SROs conduct safety drills at Rutherford County Schools

Mar 19, 2021 at 04:53 pm by Lisa Marchesoni

Rutherford County school resource officers safety drill
SRO Kyle Grisham discusses responses to a school drill with RN Allison Wadham, driver’s education teacher Dallas Hill, Assistant Principal Lorie Gober and Latin teacher Scott Cochran. (Submitted/RCSO)

A scenario where a teacher experienced trouble breathing tested the response by Siegel High School students, teachers and staff during an annual safety drill conducted by school resource officers Wednesday.

Students and teachers wearing masks were evacuated safely outside for a few minutes while staff responded to the mock emergency.

Principal Larry Creasy, assistant principals, teachers and a school nurse evaluated the response with SROs Roscoe Sanders and Kyle Grisham, who coordinated the 33-minute drill.

“All in all, it went really smoothly,” Grisham said.

SRO Sgt. Scott Culp said SROs are conducting the annual safety drills in all 48 Rutherford County Schools’ for two weeks. RCS’ Central Office and SROs worked together to develop this year’s drill.

“The best part of practice is preparedness,” Culp said. “We see what works and doesn’t work and the drill gives us an opportunity to refine plans.”

School officials announced the mock medical emergency of an English teacher. Students evacuated outside the school where teachers accounted for each student. SRO Sanders stayed outside with students while SRO Sgt. Irvin Turner monitored the response.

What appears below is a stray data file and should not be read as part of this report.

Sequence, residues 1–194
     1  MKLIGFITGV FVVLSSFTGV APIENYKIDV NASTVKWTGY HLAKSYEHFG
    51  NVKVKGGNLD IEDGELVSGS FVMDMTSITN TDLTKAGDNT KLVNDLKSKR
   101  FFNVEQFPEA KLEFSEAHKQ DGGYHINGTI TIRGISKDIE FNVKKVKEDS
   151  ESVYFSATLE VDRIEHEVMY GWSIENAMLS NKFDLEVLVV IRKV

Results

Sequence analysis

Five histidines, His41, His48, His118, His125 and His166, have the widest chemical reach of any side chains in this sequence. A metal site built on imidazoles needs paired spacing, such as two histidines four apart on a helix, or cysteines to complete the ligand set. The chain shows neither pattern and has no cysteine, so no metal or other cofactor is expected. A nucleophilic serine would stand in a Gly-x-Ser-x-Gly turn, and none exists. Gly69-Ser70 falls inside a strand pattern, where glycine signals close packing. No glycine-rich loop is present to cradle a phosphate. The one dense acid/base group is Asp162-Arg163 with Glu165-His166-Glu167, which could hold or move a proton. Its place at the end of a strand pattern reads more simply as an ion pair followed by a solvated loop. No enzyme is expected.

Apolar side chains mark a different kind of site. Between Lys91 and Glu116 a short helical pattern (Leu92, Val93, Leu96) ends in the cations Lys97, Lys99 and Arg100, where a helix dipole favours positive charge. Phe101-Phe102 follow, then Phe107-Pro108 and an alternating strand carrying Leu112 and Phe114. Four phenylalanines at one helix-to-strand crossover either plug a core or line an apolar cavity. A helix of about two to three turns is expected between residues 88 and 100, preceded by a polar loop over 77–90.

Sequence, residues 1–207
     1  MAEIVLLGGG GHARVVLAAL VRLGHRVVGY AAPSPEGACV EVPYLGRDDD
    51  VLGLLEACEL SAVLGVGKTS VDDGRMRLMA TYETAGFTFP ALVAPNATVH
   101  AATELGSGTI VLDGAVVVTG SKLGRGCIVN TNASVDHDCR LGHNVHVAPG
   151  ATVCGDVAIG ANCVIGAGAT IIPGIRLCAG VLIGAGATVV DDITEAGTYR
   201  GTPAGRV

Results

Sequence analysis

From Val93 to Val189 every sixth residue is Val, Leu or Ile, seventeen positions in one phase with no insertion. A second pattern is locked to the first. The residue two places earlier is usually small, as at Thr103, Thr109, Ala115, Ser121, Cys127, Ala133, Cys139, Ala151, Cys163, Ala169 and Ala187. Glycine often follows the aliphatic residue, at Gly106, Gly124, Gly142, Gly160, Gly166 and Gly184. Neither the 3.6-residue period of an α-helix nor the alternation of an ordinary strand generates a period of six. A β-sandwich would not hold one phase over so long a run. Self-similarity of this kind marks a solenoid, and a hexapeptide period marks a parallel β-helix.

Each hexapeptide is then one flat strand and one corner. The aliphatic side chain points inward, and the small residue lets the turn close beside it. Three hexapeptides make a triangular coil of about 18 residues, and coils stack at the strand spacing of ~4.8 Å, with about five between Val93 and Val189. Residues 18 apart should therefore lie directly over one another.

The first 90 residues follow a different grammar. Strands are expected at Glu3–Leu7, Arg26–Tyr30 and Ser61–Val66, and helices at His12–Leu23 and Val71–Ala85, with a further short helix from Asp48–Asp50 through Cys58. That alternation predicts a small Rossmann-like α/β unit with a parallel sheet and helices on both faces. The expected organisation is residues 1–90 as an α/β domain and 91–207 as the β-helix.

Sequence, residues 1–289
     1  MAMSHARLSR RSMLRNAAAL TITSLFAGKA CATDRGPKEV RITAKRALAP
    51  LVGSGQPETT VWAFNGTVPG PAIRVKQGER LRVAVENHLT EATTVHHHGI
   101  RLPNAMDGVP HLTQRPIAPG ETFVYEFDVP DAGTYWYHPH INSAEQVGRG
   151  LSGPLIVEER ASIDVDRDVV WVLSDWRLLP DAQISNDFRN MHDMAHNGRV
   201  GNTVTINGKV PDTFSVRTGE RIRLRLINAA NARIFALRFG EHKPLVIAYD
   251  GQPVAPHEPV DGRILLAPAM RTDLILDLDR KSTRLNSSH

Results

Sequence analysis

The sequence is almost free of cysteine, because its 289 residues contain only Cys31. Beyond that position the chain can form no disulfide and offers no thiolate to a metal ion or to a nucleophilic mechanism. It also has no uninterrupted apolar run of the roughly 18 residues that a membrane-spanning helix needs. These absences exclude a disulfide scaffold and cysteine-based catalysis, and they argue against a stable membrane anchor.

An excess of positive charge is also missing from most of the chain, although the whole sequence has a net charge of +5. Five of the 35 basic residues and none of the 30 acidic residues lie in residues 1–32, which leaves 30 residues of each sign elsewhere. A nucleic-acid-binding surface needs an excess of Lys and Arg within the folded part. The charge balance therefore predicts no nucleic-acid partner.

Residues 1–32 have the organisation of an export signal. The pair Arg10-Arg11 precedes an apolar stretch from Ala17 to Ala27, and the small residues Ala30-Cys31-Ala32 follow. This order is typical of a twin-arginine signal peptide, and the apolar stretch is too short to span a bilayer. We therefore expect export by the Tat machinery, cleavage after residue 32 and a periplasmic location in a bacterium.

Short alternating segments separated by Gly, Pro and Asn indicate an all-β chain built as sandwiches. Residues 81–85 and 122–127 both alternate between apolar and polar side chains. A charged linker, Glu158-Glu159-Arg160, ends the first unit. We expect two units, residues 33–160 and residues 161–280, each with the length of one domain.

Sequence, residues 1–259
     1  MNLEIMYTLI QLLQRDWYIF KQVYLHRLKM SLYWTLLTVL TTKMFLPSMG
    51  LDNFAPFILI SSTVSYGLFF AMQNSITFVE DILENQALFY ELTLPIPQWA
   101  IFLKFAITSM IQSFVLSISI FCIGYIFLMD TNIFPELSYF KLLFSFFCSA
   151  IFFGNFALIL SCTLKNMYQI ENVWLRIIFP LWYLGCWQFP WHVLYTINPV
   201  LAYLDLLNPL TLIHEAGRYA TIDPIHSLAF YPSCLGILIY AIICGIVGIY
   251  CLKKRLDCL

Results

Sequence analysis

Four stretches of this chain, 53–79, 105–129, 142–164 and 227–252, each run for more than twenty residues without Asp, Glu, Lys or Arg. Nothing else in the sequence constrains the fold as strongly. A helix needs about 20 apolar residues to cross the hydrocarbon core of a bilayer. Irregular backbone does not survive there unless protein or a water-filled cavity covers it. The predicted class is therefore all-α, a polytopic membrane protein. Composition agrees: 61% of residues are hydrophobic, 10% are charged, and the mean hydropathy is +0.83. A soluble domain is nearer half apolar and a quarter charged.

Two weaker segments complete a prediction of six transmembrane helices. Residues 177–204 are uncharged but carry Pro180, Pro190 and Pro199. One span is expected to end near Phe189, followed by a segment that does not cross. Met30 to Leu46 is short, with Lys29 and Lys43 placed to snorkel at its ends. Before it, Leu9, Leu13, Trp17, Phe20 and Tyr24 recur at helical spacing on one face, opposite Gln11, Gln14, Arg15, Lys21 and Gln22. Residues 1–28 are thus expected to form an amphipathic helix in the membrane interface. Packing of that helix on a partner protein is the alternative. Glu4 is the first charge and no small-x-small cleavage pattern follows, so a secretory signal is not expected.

School medical team Assistant Principal Lorie Gober, who is CPR trained, and school registered nurse Allison Wadham responded with a wheelchair and emergency equipment to the teacher’s classroom with Grisham, driver’s education teacher Dallas Hill and Latin teacher Scott Cochran.

Principal Creasy and Assistant Principal Pamela Perkins announced the students could return to their classrooms.

Afterwards, SROs met with Creasy, assistant principals, teachers and the nurse to evaluate the drill.

Assistant Principal Ricky Parker checked with teachers and substitute teachers to make sure all students were counted.

Grisham said the drills put training in place.

“When it does happen, students already know what to do, and it makes it easier to respond to a critical incident,” Grisham said.



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